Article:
The Buyers located a property which they wanted to buy. Once they had made an offer they instructed a search provider to carry out a ‘Homescreen’ search report on the property. The Buyer wanted to check if the property would be at risk of flooding.
The Search Provider did as instructed and carried out a Homescreen search. They came back with the results of the search which did not highlight any potential risk of flooding to the property. They also reported that no action was required and gave the Buyers the impression that the property was not at risk of flooding. Happy with the search results, the Buyer went ahead with the purchase of the property.
However, shortly after completing the purchase of the property it flooded. Causing thousands of pounds worth of damage.
Following this, the Buyer’s legal representative ordered a flood search. The second search reported that the overall flood risk to the property was ‘high’ as there was a historical record of flooding and moderate risk of ground water flooding.
The Buyer was not happy that the two reports were so different and was annoyed that the first search had not picked up the associated flood risk. The damages caused by the flood incurred costs of approximately £20,000 in replacing the damaged items and protecting the building from future risk.
The search provider’s obligations when compiling the search report are set out in paragraph 2 of the search code which states that they are required to act with integrity, and carry out a search with due skill, care and diligence which includes accurately reporting on the most up-to-date available information and risk associated with the property. They are also required to provide complete search results based on a search of all legitimate, commercially, and readily available sources. They are then also required to make clear in advance which sources of information were commercially and readily available, which additional sources of information could be obtained, identifying any additional cost or time delay involved and to highlight where required information is unobtainable.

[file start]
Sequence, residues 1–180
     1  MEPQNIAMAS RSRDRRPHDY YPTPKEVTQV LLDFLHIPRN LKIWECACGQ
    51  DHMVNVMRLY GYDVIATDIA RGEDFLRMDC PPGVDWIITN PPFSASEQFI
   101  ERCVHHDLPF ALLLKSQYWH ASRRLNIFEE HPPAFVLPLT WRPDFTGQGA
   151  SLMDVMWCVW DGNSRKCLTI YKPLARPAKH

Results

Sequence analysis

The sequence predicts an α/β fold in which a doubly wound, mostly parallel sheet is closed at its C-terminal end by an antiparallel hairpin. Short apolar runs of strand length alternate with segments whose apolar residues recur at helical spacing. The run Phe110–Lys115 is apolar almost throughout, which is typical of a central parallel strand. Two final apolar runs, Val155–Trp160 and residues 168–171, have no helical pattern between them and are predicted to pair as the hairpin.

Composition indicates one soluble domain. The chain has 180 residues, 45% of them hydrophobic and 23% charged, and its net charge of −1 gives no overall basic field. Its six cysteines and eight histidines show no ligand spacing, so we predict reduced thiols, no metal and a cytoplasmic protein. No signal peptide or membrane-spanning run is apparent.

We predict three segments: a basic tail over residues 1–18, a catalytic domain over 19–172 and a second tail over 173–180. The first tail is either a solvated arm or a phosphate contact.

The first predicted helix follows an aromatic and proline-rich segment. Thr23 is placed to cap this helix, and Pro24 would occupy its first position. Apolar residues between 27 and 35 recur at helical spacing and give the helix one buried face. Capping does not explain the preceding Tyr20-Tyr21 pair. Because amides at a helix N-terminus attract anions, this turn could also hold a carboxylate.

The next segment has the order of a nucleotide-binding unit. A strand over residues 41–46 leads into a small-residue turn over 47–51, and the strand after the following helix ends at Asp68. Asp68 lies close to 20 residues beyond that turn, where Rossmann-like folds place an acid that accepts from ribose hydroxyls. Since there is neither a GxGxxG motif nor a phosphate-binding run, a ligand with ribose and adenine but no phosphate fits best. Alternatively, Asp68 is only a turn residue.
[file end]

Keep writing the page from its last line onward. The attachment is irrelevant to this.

The first search provider did not dispute that the new report differs to the flood risk report but did explain that their report did not include a groundwater flooding assessment risk or information about historical flood events as they were outside the scope of the search.
The search provider initially adhered to the requirements in paragraph 2 of the code. However, they did not demonstrated that they made it clear which sources of information were assessed and which additional sources of information could be obtained to calculate the overall risk of flooding to the property.
The search providers provided in large text on the front of the report that a flood risk had not been identified and that no action was required. Consequently, this gave the readers of the report the impression that the property was not at risk of flooding. The statements in this respect were misleading.
The search provider made it clear on the products section of their website that the report they offered met the law society’s practice notes requirement for examining the risk to contaminated land. However, they failed to ensure that this information was also reported in the search or that it was explicitly stated that their flood risk analysis should not be relied upon as an accurate overview of the overall flood risk.
Had the buyer known that the property had a high flood risk, this would have constituted key material that would have altered the buyers transactional decision, either to withdraw or negotiate their offer to purchase.
The buyer was supported with compensation of £5,000. They experienced significant avoidable aggravation, inconvenience, and financial loss as a result of the short comings in service. The worst case scenario of the property flooding, a situation which could have been avoided had occurred shortly after completion of the purchase. The search provider’s failure to include information about the scope of the report in the search rendered it of little practical benefit to the buyer and negated their attempts to conduct due diligence.
The buyer explained that they were totally reliant on the expertise and information provided by the property professionals that were instructed as they had issues going on in their family which meant their time was being consumed elsewhere. In addition, the flooding of the property was of utmost important to the buyer as they planned to live with their disabled sibling and had previously withdrawn from a prospective purchase after a high-risk flood report was brought to their attention. This was taken into consideration and therefore another reason why the complaint was supported.